Introduction to Management

Fourth edition

by Richard Pettinger

Using the cases and questions in the textbook

Each of the chapters in the book is filled with examples, case studies and discussion questions, as follows:

  • ‘Management in Focus’ examples, which are distributed throughout the chapters in order to illustrate the points currently being made;
  • ‘Critical Thinking, Analysis and Evaluation’ questions, designed to ensure that students produce lines of reasoning and justification for the conclusions and answers arrived at;
  • ‘Developing Management Skills and Expertise’ cases and examples, based either on de facto real examples, or else ‘factionalised’ from real examples;
  • The continuous case study developed at the end of each main part of the book – the Body Shop – which is to show how an organisation develops, the things that are of value to it and its leaders and managers, and the outcomes of particular phases and activities.

However the materials are used, the driving force needs to be the acquisition and application of the body of knowledge, skills and expertise required of the professional and expert manager today, and critical foundations to the success of expert managers in the future.

In this context, of primary importance and value are the following:

  • establishment of alternative courses of action, approaches to problems and their opportunities and consequences;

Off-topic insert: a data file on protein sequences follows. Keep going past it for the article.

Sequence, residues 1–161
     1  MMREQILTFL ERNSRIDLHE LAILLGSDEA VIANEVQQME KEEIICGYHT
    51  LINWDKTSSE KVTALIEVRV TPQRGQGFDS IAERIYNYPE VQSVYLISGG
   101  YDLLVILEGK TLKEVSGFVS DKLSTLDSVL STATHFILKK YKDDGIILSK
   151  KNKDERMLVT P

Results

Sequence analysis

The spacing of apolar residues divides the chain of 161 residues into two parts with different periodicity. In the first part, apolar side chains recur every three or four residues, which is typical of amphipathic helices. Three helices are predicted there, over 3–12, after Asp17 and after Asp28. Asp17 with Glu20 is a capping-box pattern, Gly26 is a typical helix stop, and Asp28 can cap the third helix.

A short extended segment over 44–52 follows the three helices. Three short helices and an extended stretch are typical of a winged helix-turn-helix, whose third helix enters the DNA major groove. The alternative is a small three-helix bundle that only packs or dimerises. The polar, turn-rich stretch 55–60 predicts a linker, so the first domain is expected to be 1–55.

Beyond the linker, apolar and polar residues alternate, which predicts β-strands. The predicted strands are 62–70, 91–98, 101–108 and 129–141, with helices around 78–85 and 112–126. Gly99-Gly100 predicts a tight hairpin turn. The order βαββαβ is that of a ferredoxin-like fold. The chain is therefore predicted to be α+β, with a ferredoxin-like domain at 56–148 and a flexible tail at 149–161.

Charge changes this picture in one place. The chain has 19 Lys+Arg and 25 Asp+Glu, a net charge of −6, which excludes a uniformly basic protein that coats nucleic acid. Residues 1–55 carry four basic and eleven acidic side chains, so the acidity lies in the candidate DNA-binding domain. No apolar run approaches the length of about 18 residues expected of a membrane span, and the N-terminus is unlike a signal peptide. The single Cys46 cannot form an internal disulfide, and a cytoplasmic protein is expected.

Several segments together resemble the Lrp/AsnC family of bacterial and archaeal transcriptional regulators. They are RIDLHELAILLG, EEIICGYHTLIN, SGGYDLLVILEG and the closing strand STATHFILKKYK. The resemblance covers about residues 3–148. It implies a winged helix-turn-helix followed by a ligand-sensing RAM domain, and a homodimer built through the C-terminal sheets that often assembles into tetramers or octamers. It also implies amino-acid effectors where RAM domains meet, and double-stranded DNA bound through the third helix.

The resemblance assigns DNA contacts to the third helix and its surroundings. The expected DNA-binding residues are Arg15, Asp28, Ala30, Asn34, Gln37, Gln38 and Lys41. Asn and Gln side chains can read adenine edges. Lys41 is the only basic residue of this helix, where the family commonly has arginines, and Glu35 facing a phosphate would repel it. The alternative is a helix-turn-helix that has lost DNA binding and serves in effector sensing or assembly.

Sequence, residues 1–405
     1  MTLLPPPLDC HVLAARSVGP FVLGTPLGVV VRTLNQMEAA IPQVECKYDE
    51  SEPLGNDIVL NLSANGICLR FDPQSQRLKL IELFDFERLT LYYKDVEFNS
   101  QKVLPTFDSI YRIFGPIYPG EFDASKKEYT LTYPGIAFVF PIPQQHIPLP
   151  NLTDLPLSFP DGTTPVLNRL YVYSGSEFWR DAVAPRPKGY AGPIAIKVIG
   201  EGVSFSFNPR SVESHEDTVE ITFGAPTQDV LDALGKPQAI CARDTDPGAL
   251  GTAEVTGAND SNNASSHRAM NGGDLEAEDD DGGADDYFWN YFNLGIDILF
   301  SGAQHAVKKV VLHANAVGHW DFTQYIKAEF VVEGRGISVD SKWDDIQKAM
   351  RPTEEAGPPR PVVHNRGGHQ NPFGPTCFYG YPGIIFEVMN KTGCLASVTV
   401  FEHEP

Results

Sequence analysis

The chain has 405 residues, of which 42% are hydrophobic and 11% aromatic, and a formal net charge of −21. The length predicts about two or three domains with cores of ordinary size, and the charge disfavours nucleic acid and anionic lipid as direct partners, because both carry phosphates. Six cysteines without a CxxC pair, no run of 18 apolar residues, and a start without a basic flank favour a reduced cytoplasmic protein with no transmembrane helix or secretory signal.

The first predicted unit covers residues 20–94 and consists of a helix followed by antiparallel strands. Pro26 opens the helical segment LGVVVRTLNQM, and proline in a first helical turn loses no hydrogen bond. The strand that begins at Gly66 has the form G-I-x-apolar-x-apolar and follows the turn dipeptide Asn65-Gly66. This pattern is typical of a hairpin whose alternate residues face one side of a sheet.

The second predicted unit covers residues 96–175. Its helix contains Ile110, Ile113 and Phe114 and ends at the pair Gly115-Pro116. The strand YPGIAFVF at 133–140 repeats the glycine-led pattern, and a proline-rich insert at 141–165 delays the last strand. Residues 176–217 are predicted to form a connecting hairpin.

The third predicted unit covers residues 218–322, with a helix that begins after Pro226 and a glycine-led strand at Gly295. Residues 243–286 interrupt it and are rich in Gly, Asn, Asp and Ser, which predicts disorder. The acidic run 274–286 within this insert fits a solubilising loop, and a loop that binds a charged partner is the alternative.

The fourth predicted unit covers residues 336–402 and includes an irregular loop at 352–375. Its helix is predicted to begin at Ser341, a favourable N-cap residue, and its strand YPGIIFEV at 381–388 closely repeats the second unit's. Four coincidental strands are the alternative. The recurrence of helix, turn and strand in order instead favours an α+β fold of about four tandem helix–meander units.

• the need for evaluation of: what needs to happen as the result of having arrived at a particular conclusion or answer; and who is to do it, and how, when and where it is to be done;
  • the need for support for conclusions and answers based on the application of knowledge and (fledgling) expertise;
  • the need to reinforce lessons with examples from practice;
  • the need to reinforce lessons with theoretical material, so that the relationship between theory and practice is constantly drawn.

In turn, the primary conclusions ought to be:

  • that what is done or proposed is not nearly as important as why it is done or proposed;
  • that the foundations of learning and understanding lie on the ability to work through specific problems and issues on the basis of reasoning, justification, and where necessary, defence;
  • that the increasing professionalisation of management is ever more dependent on a personal and active involvement on the part of those who seek careers in management.

The materials may therefore be used from anything from a quick illustration of points, to substantial seminar and skills development work.